Anyway, we just met up to have a coffee and share some conversation. At some point, Danny looked at me and asked, “What are you doing this afternoon?” In the spirit of unemployment, I responded that I was pretty busy but that I might be able to squeeze something in. I asked him what he had in mind and he shared that he was teaching a Media and Communications course at the Duke Ellington School of the Arts in the afternoons and asked if I would be a special guest in one of the classes. I happily accepted the invitation.
Danny picked me up on his scooter around 1:30. Yep, I was strapped on the back of his scooter heading through Upper Georgetown. Thank goodness nobody caught a picture of me looking ridiculous trying to figure out where to put my hands and feet.
The school is very different than the school that I attended. Students seemed to be treated much more like adults. The far wall was covered in books. The chairs were set up in the shape of a circle. The room itself was rather different. Picture a room that has an opening to another room on one side and along the other side a wall that didn’t go all the way to the ceiling allowing discussion in the adjacent room to be heard.
The ninth graders started trickling in and several came in and politely introduced themselves to me.
Danny started his class and later introduced me. I took a ten dollar bill out of my Moleskine notebook and showed it to the class and asked, “What would you do if I gave you $10.” Ideas started spewing forth, but most of the ideas were focused on what they would buy for themselves. Then I asked, “What about doing something for someone else?” Most students then started brainstorming ideas that involved others, many of the ideas focused on how to help a teacher at the school who recently suffered a miscarriage. It was amazing to see these young minds at work. Sure there were the occasional moments of pure chaos, but mostly it was controlled chaos.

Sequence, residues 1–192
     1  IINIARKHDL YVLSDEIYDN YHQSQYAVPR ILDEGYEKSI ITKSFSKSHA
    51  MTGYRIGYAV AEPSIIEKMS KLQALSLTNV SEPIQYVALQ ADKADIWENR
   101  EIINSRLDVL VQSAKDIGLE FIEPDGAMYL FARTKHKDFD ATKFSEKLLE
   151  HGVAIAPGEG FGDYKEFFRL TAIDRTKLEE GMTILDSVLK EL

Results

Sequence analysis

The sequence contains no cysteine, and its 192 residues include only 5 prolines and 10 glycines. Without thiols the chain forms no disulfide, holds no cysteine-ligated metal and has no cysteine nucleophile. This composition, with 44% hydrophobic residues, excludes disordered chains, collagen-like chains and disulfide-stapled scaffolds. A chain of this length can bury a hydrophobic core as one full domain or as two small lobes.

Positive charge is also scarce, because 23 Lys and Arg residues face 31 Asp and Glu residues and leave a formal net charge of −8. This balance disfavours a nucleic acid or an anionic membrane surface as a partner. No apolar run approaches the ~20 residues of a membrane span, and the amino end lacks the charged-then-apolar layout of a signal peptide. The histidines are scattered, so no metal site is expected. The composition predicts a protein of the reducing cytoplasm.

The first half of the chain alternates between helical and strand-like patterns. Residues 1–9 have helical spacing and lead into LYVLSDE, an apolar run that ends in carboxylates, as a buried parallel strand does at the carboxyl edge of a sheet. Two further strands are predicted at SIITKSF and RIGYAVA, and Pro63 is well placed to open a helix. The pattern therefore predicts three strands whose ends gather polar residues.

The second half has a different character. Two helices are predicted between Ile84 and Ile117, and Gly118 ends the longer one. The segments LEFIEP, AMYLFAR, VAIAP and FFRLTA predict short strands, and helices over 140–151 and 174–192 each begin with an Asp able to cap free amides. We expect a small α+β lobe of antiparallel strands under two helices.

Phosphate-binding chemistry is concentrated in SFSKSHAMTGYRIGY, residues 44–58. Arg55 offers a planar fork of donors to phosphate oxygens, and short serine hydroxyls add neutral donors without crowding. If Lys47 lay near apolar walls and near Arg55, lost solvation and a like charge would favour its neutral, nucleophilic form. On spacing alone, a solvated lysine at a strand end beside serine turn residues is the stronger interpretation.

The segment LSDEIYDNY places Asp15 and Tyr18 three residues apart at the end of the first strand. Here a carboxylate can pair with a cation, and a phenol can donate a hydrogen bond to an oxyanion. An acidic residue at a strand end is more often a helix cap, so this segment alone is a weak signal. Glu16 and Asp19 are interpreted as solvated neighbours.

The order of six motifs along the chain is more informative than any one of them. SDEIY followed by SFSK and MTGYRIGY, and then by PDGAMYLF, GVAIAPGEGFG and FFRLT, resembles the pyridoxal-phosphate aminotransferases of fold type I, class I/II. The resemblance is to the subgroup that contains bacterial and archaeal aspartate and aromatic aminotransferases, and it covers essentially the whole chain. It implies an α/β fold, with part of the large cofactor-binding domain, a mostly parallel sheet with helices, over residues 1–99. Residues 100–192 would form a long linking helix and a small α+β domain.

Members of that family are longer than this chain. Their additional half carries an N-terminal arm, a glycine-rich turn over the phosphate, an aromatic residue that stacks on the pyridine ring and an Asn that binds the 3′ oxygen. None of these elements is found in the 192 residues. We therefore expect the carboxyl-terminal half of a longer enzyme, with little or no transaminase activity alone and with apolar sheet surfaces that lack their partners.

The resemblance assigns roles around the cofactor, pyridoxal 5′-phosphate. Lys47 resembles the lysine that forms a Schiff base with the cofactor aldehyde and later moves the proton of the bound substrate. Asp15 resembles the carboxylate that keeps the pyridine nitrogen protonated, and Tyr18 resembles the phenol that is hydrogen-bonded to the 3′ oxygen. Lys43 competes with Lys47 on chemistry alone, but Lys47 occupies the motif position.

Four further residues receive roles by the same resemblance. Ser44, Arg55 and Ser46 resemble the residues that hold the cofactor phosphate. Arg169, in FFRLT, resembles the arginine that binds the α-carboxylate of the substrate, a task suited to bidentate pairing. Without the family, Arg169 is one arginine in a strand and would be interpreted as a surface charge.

Danny and I posed several questions like:
“Does it matter what the person does with the money?”
“Does the giver’s intentions matter?”
“How would you feel if you gave money to someone who said they needed it and you later found out they had lied about their situation and didn’t really need the money as much as they said they did?”
“When you give, do you make any conditions on your kindness or do you do it unconditionally?”
The debate was fantastic.
The time seemed to fly by and we were getting very close to the end of the class and the sound of the bell signaling the change of class. I told the students that I was going to give my $10 to them as a group and they had to agree on what to do with it. There was no shortage of ideas. Many of them involved helping the aforementioned teacher, others involved raising money for various causes. They settled on the idea of using my $10 as the foundation of a fund that they would themselves contribute to in order to host an open mic night to raise money for their class.
This was an amazing opportunity to interact with the students. I hope that they consider doing something on June 15th as part of the Worldwide Day of Giving and share their experiences here with all of us.
I walked home, it’s about a mile or two. On the way home I started getting really sick. It was the beginning of a 36 hour stomach flu that wiped me out last week. I have since fully recovered!
Tonight I am doing an interview with a Korean radio station…should be interesting! I will let you know how it goes.